Searching for a job can be a stressful activity. How can you be sure you are doing enough to land the job of your dreams? Follow these tips and you are sure to perform an effective job search.
You should start by taking a look inward and ask yourself tough questions about what you are looking for in a new position and what your priorities are. Do you want fulfilling, meaningful work and are less worried about income, perks, and prestige? Are you willing to start at the bottom of a field that is new to you, or do you want to stay in the field you are experienced in and apply for a higher-level position? Do you have a stable position now and thus have time to really look around and be picky, or have you been laid off and are scrambling to find something, anything, quickly? Only once you answer these types of questions can you truly begin your job search.
Once you have established what you are looking for, you can begin to do research on fields, industries, and specific companies. Use websites such as Glassdoor to read reviews about companies from their current and former employees. LinkedIn is a valuable resource not only to research industries and companies but also to search for jobs once you are ready to start looking. Make sure your LinkedIn profile is updated and is an honest reflection of your knowledge, skills, and experience. Upload a professional photo to your profile, as studies show that profiles with photos are clicked on more consistently when they come up in recruiter searches than those without photos. You can join groups on LinkedIn; the groups are mostly comprised of people in a particular industry or members of professional associations. Joining and following these groups will give you valuable information about fields you may be interested in.
Once you have zeroed in on a field (or if you already have one) you can use LinkedIn, Glassdoor, and other job websites such as Indeed to search for jobs. You can also search the websites of your local and regional newspapers, or even scan the classifieds of the print versions-sometimes people just look online and you never know what you might find in the old-fashioned classifieds.
If there is a company that you are interested in working at, don’t wait to see a job posting for an open position there. Conduct online research to find an email address for the Human Resources department. Or look on a LinkedIn to find people who already work at the company (either in HR or in a department you are interested in) and reach out to them. It may at first sound like pushy or aggressive move but, if done cordially and professionally, will actually reflect very well on you. Companies like to be liked; they want to find people who are interested in working for them and generally will appreciate when you reach out to them to express that interest. HR departments in particular are happy when you can ease some of the financial burden and leg work required in recruitment. Be sure to be specific in your communication with the company; tell them what specifically interests you about their company and how you see yourself as being able to contribute to their continued success. If you don’t receive a response from the company, you could perhaps follow up in a few weeks’ time. However, it is probably better to instead just directly apply to open positions at that point. You want to seem interested, but you don’t want to become an annoyance. Keep following them on LinkedIn and Twitter, and respond favorably to their social media posts. That will keep you in their sights without being obnoxious.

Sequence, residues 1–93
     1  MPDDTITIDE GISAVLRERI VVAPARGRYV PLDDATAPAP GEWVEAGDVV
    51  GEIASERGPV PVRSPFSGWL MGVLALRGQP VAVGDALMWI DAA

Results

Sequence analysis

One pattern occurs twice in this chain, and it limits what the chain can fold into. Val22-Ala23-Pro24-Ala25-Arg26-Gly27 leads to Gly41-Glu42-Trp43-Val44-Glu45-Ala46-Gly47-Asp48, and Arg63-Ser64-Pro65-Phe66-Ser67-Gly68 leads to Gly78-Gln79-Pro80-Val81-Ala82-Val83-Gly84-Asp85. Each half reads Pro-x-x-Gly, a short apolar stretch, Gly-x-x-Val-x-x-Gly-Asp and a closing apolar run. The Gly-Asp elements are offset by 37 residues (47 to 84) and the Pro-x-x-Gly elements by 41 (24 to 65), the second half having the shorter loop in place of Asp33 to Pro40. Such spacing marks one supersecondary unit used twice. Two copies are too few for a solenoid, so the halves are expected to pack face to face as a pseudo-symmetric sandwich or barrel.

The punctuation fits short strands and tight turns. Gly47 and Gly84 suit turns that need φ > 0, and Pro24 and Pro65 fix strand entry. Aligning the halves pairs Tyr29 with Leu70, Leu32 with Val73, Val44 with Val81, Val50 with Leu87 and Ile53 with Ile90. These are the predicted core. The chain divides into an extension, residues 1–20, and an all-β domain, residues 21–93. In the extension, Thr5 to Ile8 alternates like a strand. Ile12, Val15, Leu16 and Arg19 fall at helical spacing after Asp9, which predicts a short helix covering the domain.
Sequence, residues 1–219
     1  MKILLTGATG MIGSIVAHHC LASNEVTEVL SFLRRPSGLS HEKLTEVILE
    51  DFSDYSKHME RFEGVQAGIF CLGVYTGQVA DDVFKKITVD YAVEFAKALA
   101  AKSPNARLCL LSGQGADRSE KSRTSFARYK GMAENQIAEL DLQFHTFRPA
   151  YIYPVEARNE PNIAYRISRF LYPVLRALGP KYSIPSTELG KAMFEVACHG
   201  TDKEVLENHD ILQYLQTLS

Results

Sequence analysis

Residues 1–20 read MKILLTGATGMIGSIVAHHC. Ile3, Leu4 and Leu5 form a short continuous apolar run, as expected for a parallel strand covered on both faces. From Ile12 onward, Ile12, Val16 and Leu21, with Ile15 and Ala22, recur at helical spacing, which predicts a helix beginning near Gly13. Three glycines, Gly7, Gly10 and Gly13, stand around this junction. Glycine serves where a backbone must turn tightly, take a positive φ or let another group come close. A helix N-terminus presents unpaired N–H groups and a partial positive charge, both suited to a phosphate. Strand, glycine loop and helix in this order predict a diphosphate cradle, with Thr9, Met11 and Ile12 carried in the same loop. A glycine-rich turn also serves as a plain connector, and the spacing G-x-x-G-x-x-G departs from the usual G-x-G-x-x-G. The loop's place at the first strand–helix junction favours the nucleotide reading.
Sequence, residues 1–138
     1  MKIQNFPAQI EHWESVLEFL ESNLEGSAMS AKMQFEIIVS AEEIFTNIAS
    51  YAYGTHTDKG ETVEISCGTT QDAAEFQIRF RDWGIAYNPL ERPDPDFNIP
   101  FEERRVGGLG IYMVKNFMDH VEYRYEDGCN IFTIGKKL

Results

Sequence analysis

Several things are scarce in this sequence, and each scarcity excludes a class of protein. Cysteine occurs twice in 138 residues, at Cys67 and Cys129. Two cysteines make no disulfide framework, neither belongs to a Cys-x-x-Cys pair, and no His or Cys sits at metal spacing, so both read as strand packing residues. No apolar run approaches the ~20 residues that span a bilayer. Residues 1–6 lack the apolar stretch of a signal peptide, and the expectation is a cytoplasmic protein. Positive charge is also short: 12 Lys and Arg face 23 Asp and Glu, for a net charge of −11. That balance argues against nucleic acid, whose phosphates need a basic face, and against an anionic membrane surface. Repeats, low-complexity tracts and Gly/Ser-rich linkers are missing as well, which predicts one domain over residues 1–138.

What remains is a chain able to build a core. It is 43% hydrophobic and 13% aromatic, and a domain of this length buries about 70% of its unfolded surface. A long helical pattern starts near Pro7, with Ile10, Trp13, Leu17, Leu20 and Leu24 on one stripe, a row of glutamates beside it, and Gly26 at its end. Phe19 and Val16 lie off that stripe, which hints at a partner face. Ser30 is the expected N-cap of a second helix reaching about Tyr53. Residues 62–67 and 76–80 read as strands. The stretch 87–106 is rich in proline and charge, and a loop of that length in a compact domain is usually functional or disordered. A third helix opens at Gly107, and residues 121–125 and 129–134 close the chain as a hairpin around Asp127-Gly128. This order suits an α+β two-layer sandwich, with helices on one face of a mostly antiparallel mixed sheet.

Perhaps the most important job search tip is also the simplest. Once you find a job to apply to, follow the stated application directions! So many otherwise qualified candidates ruin their chances of even getting an interview by not following the directions. If they ask that you upload your resume, don’t email it! If they tell you to put the position number in the subject of an email, please do so. Companies specify these details for a reason; ignoring them will make you stand out for all the wrong reasons.